In order to avoid a conviction, you can request court supervision. Supervision can result in a fine and court costs, community service, and/or attendance of traffic school. If the period of supervision is satisfactorily completed, the supervision ends without a conviction on your driving record.

If you are required to appear in court, be sure to arrive at least fifteen minutes early and to dress appropriately (see our General FAQs for tips on what to bring and wear to court). Traffic cases that go to trial are often conducted as bench trials, meaning the judge (instead of a jury) listens to the evidence and decides the case based on the facts presented.

Every case is unique and the law can be applied in any number of ways to each situation. If you are uncertain whether an attorney can help resolve your particular situation, contact us for a free consultation.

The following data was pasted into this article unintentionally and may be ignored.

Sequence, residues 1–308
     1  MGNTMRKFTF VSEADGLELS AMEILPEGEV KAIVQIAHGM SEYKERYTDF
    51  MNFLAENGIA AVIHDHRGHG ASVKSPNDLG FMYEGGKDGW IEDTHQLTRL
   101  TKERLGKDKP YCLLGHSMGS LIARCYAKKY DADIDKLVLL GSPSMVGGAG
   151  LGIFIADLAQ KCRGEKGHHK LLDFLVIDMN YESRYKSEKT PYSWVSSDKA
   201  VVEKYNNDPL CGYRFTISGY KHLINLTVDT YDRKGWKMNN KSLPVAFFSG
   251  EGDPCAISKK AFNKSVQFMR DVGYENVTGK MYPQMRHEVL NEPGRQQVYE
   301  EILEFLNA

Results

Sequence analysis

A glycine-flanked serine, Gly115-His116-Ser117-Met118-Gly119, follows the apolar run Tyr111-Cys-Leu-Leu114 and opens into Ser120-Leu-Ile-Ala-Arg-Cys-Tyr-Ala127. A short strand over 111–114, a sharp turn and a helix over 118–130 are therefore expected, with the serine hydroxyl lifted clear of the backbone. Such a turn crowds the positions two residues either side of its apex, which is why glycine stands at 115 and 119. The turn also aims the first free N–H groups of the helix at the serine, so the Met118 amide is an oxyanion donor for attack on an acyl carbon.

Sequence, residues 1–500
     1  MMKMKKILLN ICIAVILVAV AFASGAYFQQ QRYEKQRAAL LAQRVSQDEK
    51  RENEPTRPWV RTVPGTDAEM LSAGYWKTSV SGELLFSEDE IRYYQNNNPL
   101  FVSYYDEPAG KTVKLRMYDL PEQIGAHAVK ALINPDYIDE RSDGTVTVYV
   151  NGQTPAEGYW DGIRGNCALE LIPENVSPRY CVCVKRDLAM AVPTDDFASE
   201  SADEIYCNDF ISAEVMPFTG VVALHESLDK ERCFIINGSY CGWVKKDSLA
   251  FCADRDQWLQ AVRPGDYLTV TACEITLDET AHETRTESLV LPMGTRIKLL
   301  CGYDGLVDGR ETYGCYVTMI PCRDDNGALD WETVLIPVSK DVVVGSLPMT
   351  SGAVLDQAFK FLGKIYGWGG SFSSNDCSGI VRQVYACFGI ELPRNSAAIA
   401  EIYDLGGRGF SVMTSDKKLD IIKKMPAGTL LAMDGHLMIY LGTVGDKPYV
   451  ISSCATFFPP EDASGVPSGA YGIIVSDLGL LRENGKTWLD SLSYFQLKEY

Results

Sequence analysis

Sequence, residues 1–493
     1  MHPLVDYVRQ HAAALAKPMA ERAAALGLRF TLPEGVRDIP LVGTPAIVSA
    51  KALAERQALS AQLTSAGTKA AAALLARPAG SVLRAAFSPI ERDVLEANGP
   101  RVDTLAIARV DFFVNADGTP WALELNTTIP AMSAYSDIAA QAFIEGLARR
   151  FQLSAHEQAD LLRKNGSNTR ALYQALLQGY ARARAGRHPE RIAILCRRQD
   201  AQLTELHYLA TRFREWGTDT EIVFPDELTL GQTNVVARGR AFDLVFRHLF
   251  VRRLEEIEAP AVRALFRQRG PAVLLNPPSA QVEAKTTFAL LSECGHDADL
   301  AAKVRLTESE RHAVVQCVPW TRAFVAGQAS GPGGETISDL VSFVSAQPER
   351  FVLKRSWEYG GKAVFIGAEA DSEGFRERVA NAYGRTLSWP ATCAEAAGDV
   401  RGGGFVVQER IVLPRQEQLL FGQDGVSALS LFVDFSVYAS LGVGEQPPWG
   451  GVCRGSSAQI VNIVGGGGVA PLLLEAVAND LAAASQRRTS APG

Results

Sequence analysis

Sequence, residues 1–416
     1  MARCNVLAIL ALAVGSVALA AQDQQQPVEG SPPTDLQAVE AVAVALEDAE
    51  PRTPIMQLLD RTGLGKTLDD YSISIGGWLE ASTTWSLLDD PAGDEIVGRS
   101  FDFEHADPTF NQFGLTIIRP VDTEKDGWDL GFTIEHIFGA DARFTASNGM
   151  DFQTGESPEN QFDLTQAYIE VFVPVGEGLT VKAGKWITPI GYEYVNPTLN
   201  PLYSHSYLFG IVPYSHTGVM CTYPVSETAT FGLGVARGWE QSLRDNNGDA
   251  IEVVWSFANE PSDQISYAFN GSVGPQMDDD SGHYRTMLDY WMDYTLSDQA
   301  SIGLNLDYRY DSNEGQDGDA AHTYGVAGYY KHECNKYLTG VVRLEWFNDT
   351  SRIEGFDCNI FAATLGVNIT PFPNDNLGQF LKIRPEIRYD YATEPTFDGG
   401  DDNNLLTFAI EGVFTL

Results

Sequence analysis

We strongly recommend that you appear for all court dates. Your appearance may be mandatory. In situations where you received prior permission from a judge excusing your appearance, you do not have to appear. However, if not otherwise excused, you must appear at every court date or risk having a warrant for your arrest based on your failure to appear. You also risk having any bond that you may have posted be forfeited to the court.

A bench trial means a judge (instead of a jury) considers the evidence and decides the case based on the facts presented. Bench trial procedures are similar to those in jury trials: witnesses are called to testify under oath about what happened, and the judge decides the verdict after hearing the testimony of the witnesses and considering all of the evidence presented.